Girardi does also, but I'm guessing he ALSO has additional statisical data and analysis provided by the Yankees.
So my question is, statisically speaking:
What are the odds that any given commenter can make better managerial decisions then Girardi?
To read most blogs, the answer seems to be between 50% and 100%
(Yup... Girardi made the RIGHT move there, because I said so. Yup, Girardi made the WRONG move there, because I said so.)
I object to people not only thinking they know more then Joe (and every other manager) and then actually being dogmatic about it, if/when someone provide another point of view.
And frankly, EVERYONE knows Posada is a far better hitter then Molina. This is beyond obvious, and I believe Girardi is even aware of this (do ya think?). To criticise Joe for playing Molina over Posada, using only this ONE piece of information, is beyond shallow. If you don't offer all the many other pieces of qualifying data that apply to the SPECIFIC situation (because the exact same decision may be much more right or wrong depending on the given situation), and analyze the data correctly, then I don't believe your opinion (that's a collective your) carries any weight.
 MP… do a page search on the word “meaningless”, and please tell me what comment# I said it in.
That was a paraphrase, an interpretation of various statements like:
 "...that any small sample is somewhat random."
 "he might have a .400 OBP (Large sample size), but it has little bearing of what might (ACTUALLY, not PROBABLY) happen in his next 20 ABs (small sample size). Yes, MATHEMATICALLY he SHOULD get on base 8 times…. but 4 times, or 12 times, is just as likely ."
 "Historical Actuality does not equal future probability in small samples."
 "I agree, based on historical data, .925-.975 might be the best guess, but not necessarily an accurate guess the majority of the time."
 "I’m just saying in any ONE instance, the odds of not conforming to the relationship may be close to 50%. Isn’t it widely concluded that small samples sizes have little predictive value?" [note: I responded to this above; you have confused terms here, I think, but that is not important at this juncture.]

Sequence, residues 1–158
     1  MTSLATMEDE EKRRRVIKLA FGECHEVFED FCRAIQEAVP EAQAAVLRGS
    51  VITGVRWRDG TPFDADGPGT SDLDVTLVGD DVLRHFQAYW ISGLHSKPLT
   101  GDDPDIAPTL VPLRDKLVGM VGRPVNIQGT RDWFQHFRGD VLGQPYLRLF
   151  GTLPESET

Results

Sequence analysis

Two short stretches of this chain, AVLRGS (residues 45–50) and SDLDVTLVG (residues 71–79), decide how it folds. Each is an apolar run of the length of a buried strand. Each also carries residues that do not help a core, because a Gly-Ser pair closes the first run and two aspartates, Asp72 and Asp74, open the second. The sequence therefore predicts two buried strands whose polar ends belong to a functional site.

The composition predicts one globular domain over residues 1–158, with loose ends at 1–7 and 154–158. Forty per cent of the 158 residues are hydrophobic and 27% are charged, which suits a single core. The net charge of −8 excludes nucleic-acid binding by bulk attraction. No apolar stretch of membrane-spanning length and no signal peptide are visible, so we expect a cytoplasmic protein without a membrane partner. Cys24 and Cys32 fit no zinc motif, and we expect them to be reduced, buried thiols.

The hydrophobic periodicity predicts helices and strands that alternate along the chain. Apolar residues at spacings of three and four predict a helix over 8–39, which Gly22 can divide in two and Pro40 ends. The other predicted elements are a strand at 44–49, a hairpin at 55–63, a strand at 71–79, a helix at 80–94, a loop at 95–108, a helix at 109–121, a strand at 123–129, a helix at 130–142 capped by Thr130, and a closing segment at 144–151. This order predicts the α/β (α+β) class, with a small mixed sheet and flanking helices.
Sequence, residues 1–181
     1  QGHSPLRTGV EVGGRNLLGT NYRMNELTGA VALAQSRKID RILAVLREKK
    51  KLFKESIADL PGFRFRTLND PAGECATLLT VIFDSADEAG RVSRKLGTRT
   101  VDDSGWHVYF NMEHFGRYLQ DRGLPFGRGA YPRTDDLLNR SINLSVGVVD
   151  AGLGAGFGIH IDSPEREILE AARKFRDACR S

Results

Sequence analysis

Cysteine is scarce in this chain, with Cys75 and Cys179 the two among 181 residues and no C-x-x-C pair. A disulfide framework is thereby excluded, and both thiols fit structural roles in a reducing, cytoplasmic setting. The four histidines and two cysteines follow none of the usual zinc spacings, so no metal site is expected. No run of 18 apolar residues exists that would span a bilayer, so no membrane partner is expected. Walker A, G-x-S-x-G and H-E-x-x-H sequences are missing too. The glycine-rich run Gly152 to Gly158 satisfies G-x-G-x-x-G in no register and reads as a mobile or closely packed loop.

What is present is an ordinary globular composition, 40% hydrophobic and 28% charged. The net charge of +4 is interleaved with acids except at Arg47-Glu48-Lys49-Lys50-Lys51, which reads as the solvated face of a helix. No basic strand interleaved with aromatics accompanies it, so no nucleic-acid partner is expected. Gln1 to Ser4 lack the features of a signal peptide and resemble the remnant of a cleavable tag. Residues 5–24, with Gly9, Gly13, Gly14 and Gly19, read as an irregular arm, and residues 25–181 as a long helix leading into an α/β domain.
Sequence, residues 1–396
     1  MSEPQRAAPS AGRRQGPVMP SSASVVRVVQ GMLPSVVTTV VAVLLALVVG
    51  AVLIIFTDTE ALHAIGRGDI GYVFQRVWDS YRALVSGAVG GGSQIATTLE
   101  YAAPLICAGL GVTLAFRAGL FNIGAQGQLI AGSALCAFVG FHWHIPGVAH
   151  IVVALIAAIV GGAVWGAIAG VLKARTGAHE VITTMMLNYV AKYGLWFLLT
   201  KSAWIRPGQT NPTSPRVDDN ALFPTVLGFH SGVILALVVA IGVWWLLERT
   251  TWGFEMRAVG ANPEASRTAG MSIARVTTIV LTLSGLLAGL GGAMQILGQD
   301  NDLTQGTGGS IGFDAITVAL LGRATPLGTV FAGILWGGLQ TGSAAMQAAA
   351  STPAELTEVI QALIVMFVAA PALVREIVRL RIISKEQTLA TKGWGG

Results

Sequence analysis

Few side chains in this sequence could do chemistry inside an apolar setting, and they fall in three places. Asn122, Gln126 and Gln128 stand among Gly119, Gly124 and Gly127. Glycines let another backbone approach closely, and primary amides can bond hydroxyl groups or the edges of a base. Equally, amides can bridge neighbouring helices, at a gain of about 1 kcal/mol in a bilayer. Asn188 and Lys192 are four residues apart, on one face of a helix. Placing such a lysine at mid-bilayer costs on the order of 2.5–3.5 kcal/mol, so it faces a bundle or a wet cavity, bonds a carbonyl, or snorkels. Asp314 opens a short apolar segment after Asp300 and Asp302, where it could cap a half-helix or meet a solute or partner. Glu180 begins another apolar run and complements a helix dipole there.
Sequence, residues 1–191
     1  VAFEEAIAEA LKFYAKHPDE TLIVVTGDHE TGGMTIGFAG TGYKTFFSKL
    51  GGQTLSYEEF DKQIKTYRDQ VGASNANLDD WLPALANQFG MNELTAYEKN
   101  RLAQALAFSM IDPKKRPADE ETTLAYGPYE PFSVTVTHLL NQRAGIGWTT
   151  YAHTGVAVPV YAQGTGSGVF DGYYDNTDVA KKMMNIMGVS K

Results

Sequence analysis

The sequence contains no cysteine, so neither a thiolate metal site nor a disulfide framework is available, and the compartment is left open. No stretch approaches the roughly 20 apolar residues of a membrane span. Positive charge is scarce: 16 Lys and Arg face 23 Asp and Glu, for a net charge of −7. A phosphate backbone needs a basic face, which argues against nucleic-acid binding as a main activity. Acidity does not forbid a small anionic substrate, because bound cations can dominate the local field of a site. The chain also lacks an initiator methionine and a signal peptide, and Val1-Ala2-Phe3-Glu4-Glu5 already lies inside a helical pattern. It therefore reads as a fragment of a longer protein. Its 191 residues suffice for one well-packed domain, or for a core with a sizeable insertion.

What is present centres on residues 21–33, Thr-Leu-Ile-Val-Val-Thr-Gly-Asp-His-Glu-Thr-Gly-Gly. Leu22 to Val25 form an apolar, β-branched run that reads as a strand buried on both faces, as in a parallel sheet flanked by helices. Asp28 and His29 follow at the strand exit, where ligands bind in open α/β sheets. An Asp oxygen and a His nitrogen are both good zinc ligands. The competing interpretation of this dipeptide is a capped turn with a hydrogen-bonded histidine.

"But your assertion is basically correct more then incorrect, as stats do have some predictive value. But…. NOT necessarily on small sample sizes..."
 "That stat is one giant smear of data, all of which happened under different circumstances."
 "And we know baseball is chaotic… that there doesn’t appear to be a pattern to just what effects a player, and what might get him a hit in THIS ONE AB."
and for fun...
 "I don’t think you have a very high degree of accuracy doing this (bearing in mid that a 50% accuracy rate is totally meaningless…. random guessing yields the same rate."
So, you have consistently argued, with varying degrees of intensity, that large data sets cannot be used to predict what will happen in a small number of events (one AB or a few ABs, for example). You posit thatbaseball is chaotic and lacking predictable patters in such cases. You posit that in any given even (e.g., one AB) the odds of getting a prediction wrong are at least as likely as it is getting it right (in other words, the prediction itself is no more or less certain than random chance). And so on.
And yet you take umbrage at me interpreting your basic argument as saying that large data sets are essentially meaningless in making a tactical decision (a "prediction") about a single AB or even a single game?
How else am I supposed to interpret your argument?
 To criticise Joe for playing Molina over Posada, using only this ONE piece of information, is beyond shallow.
And who, precisely, has done that? Every person who posted for or against the move---which really seems to be at the core of your complaint about predictions and small sample sizes---cited (as I recall) several pieces of evidence:
On the offensive side: various averages, RC totals (which encompass several stats), probable numbers of ABs, short term trends (Posada was scuffling some), etc.